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Compound found in common wart treatment shows promise as leukemia therapy

Research to be featured at 2011 AAPS Annual Meeting and Exposition

Arlington, Va. -- A new potential leukemia therapy targets only cancer cells, while leaving healthy cells alone. Many current chemotherapy treatments affect cancer cells and healthy cells, causing significant side effects, such as fatigue, hair loss, nausea, anxiety and depression. This research is being presented at the 2011 American Association of Pharmaceutical Scientists (AAPS) Annual Meeting and Exposition in Washington, D.C., Oct. 23 – 27.

Leukemia is a cancer of the blood and bone marrow, the spongy center of bones where blood cells are formed. According to the Leukemia and Lymphoma Society, an estimated 43,050 people were diagnosed with leukemia in the U.S. in 2010.

Lead researcher and AAPS fellow, Peter A. Crooks, Ph.D., and his colleagues from the University of Arkansas for Medical Sciences have developed a potent compound that only impacts cancer cells, and starts killing them as early as four hours after treatment begins.

"This is one of the most potent and selective compounds I have ever seen during my more than 30-year career," said Crooks.

The molecules used to create this anti-leukemic agent are structurally similar to the compound found in many gout treatments and over-the-counter products used to treat warts, which also prevent cell growth. This agent is able to reach cancer cells before they mature, so catching the disease in its early stages will eradicate it quickly. This is especially vital for treating acute myeloid leukemia, which progresses rapidly without treatment.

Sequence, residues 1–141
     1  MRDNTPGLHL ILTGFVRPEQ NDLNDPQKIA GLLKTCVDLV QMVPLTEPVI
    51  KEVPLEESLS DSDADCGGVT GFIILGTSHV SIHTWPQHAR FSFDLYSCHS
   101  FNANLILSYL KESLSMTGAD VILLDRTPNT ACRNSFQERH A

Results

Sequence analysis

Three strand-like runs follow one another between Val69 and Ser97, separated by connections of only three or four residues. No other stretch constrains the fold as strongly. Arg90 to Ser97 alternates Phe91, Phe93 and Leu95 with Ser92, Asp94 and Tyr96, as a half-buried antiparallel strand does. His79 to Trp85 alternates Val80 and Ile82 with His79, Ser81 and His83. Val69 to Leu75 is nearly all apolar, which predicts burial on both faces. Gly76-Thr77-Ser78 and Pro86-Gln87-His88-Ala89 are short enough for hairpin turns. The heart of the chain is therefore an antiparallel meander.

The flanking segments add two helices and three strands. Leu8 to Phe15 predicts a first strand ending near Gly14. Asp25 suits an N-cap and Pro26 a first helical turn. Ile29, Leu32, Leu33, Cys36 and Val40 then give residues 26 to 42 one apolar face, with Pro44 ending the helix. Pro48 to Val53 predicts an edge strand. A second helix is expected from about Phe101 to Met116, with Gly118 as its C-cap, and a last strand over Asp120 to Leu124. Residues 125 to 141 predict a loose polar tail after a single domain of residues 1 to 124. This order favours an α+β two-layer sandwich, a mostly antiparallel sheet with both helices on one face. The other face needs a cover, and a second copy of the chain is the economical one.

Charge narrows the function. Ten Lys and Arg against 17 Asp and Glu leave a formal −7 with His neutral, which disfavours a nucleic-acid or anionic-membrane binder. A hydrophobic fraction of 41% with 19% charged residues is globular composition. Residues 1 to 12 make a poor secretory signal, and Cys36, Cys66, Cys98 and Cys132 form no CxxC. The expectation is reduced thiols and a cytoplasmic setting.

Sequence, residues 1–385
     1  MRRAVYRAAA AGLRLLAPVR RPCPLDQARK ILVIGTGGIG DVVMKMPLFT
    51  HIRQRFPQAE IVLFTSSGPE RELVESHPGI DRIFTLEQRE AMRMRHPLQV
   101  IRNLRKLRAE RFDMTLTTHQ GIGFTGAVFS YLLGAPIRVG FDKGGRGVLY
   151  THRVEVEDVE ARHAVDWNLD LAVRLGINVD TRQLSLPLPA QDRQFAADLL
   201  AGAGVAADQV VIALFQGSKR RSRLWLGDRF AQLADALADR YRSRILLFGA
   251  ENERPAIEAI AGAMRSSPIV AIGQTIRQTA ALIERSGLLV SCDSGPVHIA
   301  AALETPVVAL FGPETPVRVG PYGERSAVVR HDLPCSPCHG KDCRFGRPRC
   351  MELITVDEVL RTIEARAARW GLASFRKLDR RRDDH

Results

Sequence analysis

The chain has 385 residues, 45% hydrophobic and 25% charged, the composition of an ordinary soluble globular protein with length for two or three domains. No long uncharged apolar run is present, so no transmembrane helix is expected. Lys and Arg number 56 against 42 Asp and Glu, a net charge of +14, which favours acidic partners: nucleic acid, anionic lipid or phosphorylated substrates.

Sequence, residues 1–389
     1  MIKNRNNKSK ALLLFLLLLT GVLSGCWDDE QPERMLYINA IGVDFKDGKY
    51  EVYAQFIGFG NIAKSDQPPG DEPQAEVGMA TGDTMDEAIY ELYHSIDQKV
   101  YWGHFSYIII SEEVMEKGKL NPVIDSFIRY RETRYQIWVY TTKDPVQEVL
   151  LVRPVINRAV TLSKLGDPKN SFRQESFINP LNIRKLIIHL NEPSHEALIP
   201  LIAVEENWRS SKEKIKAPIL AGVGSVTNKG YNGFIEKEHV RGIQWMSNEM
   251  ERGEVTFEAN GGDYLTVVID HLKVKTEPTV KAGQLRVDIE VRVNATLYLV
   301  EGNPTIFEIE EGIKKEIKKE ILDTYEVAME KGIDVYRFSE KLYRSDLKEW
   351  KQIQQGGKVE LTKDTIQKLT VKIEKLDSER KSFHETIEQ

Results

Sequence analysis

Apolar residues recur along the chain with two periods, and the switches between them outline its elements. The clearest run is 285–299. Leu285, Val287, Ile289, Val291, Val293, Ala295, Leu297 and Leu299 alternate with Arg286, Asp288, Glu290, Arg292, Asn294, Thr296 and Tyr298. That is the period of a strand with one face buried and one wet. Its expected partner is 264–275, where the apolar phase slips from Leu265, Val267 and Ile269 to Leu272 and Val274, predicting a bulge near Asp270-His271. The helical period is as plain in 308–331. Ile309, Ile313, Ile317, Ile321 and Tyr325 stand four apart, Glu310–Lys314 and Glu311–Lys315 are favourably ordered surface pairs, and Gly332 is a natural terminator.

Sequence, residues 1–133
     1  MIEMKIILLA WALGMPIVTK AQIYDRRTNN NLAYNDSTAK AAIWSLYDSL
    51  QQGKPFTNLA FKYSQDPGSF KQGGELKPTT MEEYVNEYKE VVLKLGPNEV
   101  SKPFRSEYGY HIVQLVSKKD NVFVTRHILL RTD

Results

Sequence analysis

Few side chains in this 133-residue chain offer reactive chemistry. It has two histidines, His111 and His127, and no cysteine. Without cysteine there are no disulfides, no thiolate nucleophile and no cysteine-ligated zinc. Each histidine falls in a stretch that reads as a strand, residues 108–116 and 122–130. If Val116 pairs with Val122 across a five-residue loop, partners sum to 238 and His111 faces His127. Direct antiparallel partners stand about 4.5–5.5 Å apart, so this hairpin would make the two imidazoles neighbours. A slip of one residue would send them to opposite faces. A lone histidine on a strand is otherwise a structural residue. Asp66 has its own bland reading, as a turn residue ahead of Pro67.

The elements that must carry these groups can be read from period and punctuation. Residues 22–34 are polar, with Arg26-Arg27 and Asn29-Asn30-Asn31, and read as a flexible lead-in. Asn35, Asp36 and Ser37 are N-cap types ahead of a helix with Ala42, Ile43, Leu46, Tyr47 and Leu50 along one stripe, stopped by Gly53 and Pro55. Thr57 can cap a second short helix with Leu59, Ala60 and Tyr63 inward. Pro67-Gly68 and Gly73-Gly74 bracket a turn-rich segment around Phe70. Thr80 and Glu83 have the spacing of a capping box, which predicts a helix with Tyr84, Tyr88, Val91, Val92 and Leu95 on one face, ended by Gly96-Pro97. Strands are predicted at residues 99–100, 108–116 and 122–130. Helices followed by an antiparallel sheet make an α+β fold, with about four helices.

"It's good to get excited in the early stages of research when you discover a treatment that could potentially be as outstanding as this," said Crooks. "However, the next phase is to test the treatment in animal models and pinpoint the most effective delivery method."


The AAPS Annual Meeting and Exposition, the world's largest pharmaceutical sciences meeting aims to improve global health through advances in pharmaceutical sciences. AAPS, currently celebrating its 25th anniversary, has themed the keynote and plenary sessions at this year's Annual Meeting "The Next 25 Years." An estimated 9,000 scientists from around the world will participate in 90 sessions, including more than 60 symposia and roundtables.

Learn more about the meeting and global health from leading scientists in this webisode series and follow the tweet hashtag #AAPS2011 for meeting updates.

Editor's Note: All press must register and provide press credentials to attend this meeting. To register, please contact  703-248-4740  prior to the meeting or visit room 149A during the conference. To schedule an interview with Peter Crooks or any other press inquiry, please contact Hillarie Turner at  202-296-2002  x113.

About AAPS: The American Association of Pharmaceutical Scientists is a professional, scientific society of approximately 12,000 members employed in academia, industry, government and other research institutes worldwide. For more information, please visit

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